After GOP blockade of For the People Act, progressives mobilize ‘Deadline for Democracy’

"It's all hands on deck for this Deadline for Democracy."

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SOURCECommon Dreams
Image Credit: Alex Wong/Getty Images

Eyeing what they see as a fast-approaching “deadline for our democracy,” progressive groups are mobilizing for a nationwide campaign to pressure lawmakers to pass the For the People Act.

“We need wide-scale public pressure,” say the groups behind the Deadline for Democracy campaign. “Not in September. Not in early 2022. Right now—in the weeks leading up to the final showdown in July.”

The official kickoff of the campaign is Monday, though related events are already starting this weekend including a Saturday “Freedom to Vote” rally on Boston Common. “There is overwhelming public support for voting rights!” the coalition organizing the Boston rally explains. “We must keep pushing the Senate to pass S.1—For the People Act.”

The campaign—an effort of scores of groups including Indivisible, Declaration for American Democracy Coalition, and Stand Up America—is seizing the June 28-July 10 recess as a key time period to push pressure on lawmakers to support the legislation, which passed the House in March but was blocked this week by Senate Republicans using the filibuster.

The need to significantly ramp up pressure is urgent, the groups say, in part because of the House of Representatives’ longer recess that begins at the end of July. In addition, the campaign website says:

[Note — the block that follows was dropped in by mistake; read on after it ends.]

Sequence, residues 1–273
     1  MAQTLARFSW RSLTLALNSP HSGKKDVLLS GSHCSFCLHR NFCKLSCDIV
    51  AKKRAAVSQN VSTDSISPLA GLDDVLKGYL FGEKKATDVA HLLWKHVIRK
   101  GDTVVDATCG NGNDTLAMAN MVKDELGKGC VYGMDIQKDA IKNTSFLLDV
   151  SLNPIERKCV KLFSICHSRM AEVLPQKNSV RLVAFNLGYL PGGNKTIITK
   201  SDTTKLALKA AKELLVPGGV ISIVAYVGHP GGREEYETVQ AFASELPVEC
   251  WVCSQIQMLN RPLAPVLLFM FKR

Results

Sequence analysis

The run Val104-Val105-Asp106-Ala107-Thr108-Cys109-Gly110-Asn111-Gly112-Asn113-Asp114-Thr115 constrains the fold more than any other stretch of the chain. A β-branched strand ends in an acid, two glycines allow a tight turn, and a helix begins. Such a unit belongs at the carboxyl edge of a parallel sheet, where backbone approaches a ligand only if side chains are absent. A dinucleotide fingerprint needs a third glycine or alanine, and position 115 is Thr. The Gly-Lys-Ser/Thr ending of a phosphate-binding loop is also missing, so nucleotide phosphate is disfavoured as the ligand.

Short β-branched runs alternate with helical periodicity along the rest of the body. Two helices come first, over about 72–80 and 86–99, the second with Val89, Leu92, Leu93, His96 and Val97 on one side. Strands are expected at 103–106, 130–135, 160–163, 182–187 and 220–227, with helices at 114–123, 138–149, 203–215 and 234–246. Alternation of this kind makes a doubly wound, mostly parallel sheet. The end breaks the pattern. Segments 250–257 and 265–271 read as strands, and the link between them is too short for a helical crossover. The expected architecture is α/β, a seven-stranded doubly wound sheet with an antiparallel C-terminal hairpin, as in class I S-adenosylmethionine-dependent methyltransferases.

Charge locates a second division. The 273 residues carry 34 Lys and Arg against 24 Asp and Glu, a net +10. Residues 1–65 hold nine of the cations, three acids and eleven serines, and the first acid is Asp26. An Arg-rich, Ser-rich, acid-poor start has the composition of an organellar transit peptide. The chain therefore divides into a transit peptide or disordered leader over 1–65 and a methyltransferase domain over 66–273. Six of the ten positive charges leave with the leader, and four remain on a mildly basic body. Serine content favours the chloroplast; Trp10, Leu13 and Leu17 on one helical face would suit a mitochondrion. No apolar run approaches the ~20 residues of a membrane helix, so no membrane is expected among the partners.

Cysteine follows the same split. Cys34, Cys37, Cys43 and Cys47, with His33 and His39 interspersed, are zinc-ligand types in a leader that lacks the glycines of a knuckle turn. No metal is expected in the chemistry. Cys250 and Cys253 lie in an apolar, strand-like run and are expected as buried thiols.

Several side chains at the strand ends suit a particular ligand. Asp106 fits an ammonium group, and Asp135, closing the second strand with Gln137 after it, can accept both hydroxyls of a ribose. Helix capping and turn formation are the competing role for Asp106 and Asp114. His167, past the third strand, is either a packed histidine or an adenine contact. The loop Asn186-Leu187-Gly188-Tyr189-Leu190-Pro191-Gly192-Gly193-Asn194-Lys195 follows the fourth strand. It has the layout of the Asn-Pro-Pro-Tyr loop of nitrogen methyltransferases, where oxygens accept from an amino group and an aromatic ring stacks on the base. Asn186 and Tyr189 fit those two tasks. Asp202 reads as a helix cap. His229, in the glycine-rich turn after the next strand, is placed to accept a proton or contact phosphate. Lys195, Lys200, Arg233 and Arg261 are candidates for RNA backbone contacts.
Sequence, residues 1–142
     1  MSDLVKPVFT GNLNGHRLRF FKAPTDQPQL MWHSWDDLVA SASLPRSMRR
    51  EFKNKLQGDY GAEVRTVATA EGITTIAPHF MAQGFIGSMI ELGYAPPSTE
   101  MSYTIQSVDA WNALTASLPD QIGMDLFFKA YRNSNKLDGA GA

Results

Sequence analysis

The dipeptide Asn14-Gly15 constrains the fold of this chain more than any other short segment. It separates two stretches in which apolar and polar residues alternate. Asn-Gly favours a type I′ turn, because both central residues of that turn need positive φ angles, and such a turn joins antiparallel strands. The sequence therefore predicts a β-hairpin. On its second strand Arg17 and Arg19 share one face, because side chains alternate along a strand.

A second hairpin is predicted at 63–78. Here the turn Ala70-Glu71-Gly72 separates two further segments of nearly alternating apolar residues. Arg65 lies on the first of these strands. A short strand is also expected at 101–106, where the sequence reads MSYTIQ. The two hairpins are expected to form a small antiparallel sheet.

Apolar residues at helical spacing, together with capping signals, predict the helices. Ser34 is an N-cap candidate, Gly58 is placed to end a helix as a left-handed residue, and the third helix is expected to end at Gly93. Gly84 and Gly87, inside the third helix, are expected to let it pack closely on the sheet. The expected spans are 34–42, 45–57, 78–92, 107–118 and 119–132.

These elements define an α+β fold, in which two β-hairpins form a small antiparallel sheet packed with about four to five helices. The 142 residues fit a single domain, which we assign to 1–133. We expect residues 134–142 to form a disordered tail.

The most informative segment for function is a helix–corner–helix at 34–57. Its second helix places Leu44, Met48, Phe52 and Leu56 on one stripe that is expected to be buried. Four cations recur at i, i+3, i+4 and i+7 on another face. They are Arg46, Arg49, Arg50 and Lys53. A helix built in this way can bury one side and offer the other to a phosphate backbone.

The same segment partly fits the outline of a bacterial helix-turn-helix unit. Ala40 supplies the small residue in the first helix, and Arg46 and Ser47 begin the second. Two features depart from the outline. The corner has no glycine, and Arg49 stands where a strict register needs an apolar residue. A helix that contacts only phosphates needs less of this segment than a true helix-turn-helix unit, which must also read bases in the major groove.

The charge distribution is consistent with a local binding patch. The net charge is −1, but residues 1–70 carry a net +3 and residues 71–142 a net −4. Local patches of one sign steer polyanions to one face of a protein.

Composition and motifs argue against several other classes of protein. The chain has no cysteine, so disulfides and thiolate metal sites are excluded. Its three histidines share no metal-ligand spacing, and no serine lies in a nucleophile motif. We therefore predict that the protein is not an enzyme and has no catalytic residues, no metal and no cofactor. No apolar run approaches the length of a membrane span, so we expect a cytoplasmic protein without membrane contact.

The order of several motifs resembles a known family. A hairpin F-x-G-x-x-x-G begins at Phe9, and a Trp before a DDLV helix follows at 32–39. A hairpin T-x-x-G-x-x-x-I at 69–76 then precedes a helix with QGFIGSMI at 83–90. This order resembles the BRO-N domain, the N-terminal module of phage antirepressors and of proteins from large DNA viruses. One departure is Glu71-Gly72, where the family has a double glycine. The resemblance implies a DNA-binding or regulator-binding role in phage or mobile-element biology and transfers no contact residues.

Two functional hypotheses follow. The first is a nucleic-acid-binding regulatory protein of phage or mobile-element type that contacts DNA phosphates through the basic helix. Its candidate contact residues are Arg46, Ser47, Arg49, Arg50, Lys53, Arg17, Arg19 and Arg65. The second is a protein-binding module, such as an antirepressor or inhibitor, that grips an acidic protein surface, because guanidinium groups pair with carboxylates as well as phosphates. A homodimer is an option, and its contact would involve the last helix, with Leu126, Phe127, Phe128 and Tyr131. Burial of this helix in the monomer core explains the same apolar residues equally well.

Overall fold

Election administration experts advise us that many provisions of the democracy reform bill, such as the anti-gerrymandering independent redistricting commissions, will take significant time to implement ahead of the next midterm elections. These experts tell us things start getting dicey if we fail to pass the bill by the end of this summer. In other words, if you want to actually prevent gerrymandering and voter suppression in the 2022 midterm elections, you can’t delay the For the People Act much beyond the summer.

Senate Republicans’ Tuesday stalling of the voting rights bill prompted outrage from progressives like MoveOn executive director Rahna Epting, who said the GOP “doubled down on its continued assault on American democracy” was further evidence that “the filibuster must go.”

Stand Up America founder and president Sean Eldridge, in a statement Tuesday, blasted Senate Republicans for standing “with voter suppression instead of protecting our freedom to vote.”

“It’s going to be a long, hot summer for any member of the Senate who doesn’t do everything in their power to protect our freedom to vote,” he added. “They will be hearing from us in the days ahead in their inboxes, on the phones, and at rallies across the country.”

S.1’s lead sponsor, Sen. Jeff Merkley (D-Ore.), remained undeterred in his push for a voting reform bill, declaring in a statement Tuesday: “Today’s vote is the start of this battle, not the end.”  

That could be because a “For the People Act 2.0” is in the works, as Rolling Stone reported this week.

In interviews with Rolling Stone, lawmakers and staffers who work on voting rights and democracy reform described a multi-part, months-long game plan that will play out this summer and fall. The aim is to pass a new version of the For the People Act as well as a companion measure to be named after the late civil-rights leader and congressman John Lewis. That bill, known as H.R. 4, would restore a key pillar of the landmark 1965 Voting Rights Act to prevent future voting-rights discrimination.

As Indivisible sees it, “Republicans have reacted to recent losses by trying to make a broken system even worse.”

“We can stop them with the For the People Act,” the group tweeted Friday, “but it must pass soon to take effect before next year’s midterms. It’s all hands on deck for this Deadline for Democracy.”

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